I believe that was the North American Aviation way of doing things. From the P-51 AAF Training Manual:

    "In ordinary taxiing, keep the stick in neutral or slightly aft of neutral. This locks the tailwheel and makes it steerable 6° right or left with the rudder.

    To make sharp turns or go around corners, unlock the tailshweel by pushing the stick full forward. In this position the tailwheel is full swiveling."

    So it's "full forward to unlock", not "fully back to lock". I think the latter might be difficult to control.

    Except for the P-51, the AT-6 seems to have had the same system at least in some of its countless variants. I found one cockpit photograph of an AT-6 showing a label: "Move stick forward to unlock tail wheel", but that might not have been the most frequent variant.

    You can find an AT-6 (or rather Harvard) manual here on this board, but it's in Dutch, and while I managed to make sense of most of its contents, the interesting bits on the tail wheel mechanism eluded me ...

    http://www.ww2aircraft.net/forum/other-mechanical-systems-tech/harvard-iib-5728.html

    Regards,

    Henning (HoHun)
     
  9. renrich

    renrich Active Member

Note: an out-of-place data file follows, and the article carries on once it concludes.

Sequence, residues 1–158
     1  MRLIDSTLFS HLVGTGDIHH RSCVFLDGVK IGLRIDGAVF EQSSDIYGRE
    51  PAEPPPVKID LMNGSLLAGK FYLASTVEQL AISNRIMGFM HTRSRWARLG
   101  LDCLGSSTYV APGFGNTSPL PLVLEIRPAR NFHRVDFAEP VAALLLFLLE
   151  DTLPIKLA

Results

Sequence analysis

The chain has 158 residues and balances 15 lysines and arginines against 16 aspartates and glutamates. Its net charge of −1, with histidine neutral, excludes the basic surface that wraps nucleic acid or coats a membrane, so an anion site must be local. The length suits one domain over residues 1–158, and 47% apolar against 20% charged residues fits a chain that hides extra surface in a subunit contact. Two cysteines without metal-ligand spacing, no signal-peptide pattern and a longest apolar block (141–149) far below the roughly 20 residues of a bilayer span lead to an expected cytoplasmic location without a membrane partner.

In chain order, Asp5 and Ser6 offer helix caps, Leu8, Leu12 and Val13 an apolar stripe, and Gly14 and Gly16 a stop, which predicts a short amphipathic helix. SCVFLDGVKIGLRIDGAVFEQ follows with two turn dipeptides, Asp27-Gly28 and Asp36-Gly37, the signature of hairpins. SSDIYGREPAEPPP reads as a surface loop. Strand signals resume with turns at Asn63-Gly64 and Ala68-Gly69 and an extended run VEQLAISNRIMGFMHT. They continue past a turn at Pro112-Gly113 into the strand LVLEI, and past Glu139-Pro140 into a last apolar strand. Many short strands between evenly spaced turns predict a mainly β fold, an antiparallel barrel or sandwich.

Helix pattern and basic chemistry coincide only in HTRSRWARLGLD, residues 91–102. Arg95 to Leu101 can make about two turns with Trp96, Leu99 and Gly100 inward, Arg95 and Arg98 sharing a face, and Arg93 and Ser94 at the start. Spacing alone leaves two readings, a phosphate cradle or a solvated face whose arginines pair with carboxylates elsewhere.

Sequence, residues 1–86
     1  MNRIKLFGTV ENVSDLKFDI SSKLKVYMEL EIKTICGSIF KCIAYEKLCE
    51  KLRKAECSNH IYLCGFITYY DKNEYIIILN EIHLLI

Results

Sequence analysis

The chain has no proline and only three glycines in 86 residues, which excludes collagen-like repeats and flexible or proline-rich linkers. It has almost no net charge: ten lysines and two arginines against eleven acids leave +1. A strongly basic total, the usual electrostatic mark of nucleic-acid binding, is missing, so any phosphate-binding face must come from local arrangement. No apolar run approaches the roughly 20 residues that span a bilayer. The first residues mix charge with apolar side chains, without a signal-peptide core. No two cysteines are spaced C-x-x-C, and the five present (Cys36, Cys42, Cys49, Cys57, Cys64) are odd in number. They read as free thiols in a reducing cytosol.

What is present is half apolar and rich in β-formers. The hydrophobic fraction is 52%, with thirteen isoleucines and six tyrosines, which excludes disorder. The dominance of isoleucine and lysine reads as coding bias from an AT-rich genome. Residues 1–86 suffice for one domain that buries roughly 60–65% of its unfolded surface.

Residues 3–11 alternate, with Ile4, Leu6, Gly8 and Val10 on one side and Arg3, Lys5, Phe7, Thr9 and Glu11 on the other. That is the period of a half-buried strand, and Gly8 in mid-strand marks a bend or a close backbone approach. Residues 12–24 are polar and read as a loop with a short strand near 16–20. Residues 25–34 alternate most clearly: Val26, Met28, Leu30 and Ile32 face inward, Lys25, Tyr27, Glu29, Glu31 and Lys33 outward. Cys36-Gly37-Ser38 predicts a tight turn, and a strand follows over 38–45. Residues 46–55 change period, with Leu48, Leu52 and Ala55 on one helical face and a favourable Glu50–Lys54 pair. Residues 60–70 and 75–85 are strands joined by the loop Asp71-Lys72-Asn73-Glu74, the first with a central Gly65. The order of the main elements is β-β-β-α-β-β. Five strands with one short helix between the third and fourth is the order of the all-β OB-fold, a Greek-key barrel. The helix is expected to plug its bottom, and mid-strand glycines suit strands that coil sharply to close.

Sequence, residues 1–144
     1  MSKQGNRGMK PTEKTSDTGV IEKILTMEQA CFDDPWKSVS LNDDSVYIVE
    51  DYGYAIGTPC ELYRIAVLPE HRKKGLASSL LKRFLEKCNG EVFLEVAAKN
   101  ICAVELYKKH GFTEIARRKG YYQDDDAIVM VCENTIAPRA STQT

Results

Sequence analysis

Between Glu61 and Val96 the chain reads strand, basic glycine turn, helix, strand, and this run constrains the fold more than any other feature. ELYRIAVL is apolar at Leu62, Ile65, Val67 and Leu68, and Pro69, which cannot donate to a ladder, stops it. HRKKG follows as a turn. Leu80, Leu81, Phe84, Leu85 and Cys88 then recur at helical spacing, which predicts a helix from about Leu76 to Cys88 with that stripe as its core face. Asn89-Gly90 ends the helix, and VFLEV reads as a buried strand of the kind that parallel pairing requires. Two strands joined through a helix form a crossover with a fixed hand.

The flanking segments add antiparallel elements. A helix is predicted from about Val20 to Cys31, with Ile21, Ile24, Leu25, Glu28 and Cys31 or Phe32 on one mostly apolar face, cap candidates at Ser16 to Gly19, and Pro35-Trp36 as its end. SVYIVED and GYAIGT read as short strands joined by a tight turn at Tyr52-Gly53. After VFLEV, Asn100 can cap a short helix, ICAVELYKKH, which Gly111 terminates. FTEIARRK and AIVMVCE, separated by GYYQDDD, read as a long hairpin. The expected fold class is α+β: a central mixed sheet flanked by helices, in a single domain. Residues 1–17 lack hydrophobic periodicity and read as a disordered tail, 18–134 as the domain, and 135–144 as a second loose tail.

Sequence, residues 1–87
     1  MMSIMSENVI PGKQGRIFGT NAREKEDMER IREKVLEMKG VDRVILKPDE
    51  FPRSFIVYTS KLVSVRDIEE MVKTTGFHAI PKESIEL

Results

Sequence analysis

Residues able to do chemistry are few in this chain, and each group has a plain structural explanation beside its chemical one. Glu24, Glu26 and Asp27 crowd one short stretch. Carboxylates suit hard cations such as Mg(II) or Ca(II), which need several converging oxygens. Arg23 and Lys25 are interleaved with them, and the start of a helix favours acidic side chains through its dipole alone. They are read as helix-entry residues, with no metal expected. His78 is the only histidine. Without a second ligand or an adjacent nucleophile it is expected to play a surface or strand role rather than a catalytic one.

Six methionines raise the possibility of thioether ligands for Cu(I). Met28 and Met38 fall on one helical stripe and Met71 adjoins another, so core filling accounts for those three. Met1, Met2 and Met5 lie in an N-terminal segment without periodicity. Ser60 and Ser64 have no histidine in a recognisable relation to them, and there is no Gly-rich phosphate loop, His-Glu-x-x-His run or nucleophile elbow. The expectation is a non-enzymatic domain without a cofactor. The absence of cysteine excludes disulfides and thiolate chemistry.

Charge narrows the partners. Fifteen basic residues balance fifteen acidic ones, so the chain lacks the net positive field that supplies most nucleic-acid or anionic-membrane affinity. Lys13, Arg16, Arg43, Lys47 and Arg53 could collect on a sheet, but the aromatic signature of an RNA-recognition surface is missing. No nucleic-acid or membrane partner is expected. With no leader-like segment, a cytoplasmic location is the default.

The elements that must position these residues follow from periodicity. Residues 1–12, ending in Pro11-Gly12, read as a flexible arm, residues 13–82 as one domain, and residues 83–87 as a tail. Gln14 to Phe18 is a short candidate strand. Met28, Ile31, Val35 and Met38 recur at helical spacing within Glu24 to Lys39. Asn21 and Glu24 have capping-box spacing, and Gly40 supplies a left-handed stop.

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    Saw a video of a modern day pilot flying a Sopwith Camel on UTube. This Camel had the 160 HP Gnome rotary engine. The prop is attached to the engine and the prop and engine whirl around together. The engine does not have a throttle so engine speed is controlled by the magneto with only a few speeds, mainly off or on. Kind of like revving the engine in a car. With the Camel on the ground the engine was going from full off to full on and the whole airplane was trying to rotate around the engine and prop. You have to see it to believe it.
     
  10. drgondog

    drgondog Well-Known Member

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    That is correct for the only variants I flew. IIRC the tailwheel locked in straight position and stayed that way on retraction.
     
  11. MikeGazdik

    MikeGazdik Member

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    I have nothing to offer. I just find it amazing that we are talking to people that have (or do) fly some of these planes. I have touched a very few of these planes, and could feel the history. That fact that some have taken them into the air..... unreal. I feel lucky to be on the same website!
     
  12. Marcel

    Marcel Well-Known Member